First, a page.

- Edgar Ray Killen convicted of manslaughter in 2005 for the deaths on Michael Schwerner, James Chaney and Andrew Goodman
- The three men were registering black voters in Mississippi in 1964 when they vanished and were found buried in a dam weeks later
- Killen’s attorneys had claimed there were violations of his constitutional rights during his trial but the courts found none
By DAILY MAIL REPORTER and ASSOCIATED PRESS
PUBLISHED: 09:07 EST, 5 November 2013 | UPDATED: 09:25 EST, 5 November 2013
The U.S. Supreme Court has rejected an appeal from a former Ku Klux Klan leader convicted of orchestrating the 1964 slayings of three civil rights workers in a case known as ‘Mississippi Burning’.
Attorneys for Edgar Ray Killen, who was convicted of manslaughter in 2005, had claimed there were violations of his constitutional rights during his trial, but a lower-court ruling found none.
On Monday, the justices said they will not review these findings.
Killen, now 88, was convicted exactly 41 years to the day after the deaths of Michael Schwerner, James Chaney and Andrew Goodman. He is serving 60 years in a Mississippi prison.
In 1964, Schwerner and Goodman, two white men from New York, came to Mississippi as part of Freedom Summer and worked with Chaney, a black Mississippian, to help register black voters.
But when they went to investigate the burning of an African-American church in Neshoba County, they were ambushed by members of the Ku Klux Klan and shot dead before being buried 15 feet beneath an earthen dam.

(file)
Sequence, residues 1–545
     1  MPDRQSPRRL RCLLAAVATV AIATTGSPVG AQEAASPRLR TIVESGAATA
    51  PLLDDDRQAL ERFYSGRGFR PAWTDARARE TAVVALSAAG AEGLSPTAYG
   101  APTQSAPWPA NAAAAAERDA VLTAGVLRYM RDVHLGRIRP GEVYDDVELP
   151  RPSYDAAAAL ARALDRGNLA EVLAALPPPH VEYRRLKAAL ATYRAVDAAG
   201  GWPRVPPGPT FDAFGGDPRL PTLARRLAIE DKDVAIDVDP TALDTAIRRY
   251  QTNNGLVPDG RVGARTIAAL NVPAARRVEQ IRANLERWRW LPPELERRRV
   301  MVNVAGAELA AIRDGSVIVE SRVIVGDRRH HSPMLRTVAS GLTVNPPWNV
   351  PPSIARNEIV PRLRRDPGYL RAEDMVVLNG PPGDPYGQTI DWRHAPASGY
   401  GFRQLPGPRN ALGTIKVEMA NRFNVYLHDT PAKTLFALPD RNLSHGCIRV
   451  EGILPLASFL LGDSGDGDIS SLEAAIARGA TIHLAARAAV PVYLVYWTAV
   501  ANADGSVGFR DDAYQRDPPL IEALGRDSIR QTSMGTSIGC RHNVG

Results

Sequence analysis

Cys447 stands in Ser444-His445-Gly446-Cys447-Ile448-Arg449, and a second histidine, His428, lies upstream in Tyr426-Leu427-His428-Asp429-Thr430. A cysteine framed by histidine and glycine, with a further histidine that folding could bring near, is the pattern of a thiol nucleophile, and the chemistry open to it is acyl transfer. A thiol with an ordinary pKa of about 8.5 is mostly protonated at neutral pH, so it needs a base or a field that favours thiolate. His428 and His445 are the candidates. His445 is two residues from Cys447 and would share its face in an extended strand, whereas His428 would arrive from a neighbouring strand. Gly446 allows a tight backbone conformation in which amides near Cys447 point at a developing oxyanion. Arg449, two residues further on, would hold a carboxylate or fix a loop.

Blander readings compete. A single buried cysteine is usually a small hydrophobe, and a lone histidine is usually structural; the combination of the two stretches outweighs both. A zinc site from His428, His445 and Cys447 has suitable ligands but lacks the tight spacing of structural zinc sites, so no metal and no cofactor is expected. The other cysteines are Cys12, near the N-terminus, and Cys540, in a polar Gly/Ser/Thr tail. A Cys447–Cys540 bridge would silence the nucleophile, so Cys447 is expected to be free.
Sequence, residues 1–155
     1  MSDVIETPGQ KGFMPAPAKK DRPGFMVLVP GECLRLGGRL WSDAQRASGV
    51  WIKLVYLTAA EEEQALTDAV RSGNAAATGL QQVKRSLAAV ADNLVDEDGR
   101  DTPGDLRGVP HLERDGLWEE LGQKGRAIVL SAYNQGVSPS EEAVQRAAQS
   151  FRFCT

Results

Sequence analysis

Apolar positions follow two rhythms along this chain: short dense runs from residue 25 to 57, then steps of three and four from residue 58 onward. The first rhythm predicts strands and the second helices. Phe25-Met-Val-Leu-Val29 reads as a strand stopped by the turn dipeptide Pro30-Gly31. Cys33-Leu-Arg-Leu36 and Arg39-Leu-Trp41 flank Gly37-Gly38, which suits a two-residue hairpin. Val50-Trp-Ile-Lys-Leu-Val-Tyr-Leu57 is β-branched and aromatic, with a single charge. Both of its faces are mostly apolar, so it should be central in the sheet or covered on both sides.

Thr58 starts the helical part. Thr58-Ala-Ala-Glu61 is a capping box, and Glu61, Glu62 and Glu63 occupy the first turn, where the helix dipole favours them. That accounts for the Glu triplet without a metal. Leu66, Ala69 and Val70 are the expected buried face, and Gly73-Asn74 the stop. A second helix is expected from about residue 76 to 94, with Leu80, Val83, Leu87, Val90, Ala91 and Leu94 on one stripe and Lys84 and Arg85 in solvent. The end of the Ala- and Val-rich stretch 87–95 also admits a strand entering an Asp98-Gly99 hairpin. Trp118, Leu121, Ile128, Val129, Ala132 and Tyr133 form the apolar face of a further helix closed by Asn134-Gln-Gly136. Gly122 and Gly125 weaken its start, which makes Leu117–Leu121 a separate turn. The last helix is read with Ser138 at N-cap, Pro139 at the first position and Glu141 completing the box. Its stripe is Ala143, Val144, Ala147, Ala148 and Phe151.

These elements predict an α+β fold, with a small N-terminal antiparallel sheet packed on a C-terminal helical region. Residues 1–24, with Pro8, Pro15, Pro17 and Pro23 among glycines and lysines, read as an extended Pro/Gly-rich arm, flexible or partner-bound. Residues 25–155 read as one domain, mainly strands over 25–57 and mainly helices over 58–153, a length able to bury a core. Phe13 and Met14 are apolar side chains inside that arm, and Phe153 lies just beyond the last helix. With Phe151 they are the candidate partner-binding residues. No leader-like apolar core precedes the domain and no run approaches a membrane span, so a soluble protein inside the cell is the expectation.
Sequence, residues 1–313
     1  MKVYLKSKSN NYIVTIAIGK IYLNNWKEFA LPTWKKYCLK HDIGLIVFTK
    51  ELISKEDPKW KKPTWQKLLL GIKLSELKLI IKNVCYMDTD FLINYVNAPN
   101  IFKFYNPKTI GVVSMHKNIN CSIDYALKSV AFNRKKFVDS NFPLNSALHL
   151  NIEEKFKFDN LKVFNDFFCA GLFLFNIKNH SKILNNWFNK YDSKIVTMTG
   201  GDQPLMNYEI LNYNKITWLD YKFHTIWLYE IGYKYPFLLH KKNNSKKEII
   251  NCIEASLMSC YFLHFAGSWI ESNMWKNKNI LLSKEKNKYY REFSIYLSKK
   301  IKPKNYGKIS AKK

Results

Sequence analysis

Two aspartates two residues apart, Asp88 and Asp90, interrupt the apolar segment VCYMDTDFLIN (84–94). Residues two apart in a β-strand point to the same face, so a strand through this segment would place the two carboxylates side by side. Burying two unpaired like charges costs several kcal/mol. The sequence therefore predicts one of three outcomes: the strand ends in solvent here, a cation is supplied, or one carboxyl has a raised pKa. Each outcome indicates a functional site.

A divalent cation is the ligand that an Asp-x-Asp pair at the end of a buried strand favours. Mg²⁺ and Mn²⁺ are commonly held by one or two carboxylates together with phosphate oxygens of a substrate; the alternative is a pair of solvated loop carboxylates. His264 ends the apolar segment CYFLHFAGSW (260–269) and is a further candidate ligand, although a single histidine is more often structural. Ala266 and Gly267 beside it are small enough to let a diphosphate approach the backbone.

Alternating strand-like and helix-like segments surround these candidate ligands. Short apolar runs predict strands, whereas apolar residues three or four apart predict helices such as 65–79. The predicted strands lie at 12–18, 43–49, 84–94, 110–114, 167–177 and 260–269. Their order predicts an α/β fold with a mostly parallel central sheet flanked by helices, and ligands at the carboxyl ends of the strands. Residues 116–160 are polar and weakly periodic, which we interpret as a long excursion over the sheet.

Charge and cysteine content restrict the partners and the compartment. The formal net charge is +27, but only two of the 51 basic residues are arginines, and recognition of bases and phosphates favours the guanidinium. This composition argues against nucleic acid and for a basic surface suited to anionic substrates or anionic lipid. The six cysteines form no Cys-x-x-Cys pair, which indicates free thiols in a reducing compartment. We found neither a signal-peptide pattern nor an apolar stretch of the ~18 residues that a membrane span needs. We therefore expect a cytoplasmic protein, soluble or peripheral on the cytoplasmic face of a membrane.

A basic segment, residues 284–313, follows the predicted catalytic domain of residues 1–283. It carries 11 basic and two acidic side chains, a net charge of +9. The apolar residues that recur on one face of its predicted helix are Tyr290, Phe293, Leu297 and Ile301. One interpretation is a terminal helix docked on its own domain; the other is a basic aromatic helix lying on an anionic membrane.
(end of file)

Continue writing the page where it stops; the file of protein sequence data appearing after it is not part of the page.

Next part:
Their bodies were found in the dam near Philadelphia, Mississippi more than a month later after an intense search.
The deaths were dramatized in the 1988 movie ‘Mississippi Burning’ which starred Gene Hackman and Willem Defoe as the two FBI agents investigating the killings.
In 1967, 18 men went on trial on federal conspiracy charges in the deaths but despite evidence that Killen orchestrated the killings, he walked free after a federal jury deadlocked 11-1.
At the time, the 12th, stand-alone jury member said she could ‘never convict a preacher’.
But the jury convicted seven others, including Sam Bowers, who had ordered the killings.
Two decades later, in an interview that was to be sealed until his death, Bowers said he was ‘quite delighted to be convicted’ and have ‘the main instigator of the entire affair walk out of the courtroom a free man’ – referring to Killen.
His remarks were revealed by The Clarion-Ledger in 1998 and sparked calls for a review of the case and to prosecute Killen.
Killen, once a part-time Baptist preacher, was the only person indicted in 2005 when prosecutors brought the first state charges.
He was indicted on murder charges but jurors were given the option to convict him of manslaughter, which they did.
Killen’s attorney, Robert Ratliff of Mobile, Alabama, did not immediately respond to a phone message on Monday.
Killen’s lawyers had raised several arguments in his appeals, including that his defense team didn’t do a good job in representing him at trial in Neshoba County.
They also argued that his constitutional rights were violated by the decades-long delay between the deaths and his indictment, by variances between the charges in the indictment and the jury’s verdict, and by prosecutors’ alleged failure to turn over evidence that could prove his innocence.
U.S. District Judge Henry T. Wingate in Jackson, Mississippi, and the 5th U.S. Circuit Court of Appeals both rejected Killen’s appeals before the case went to the U.S. Supreme Court.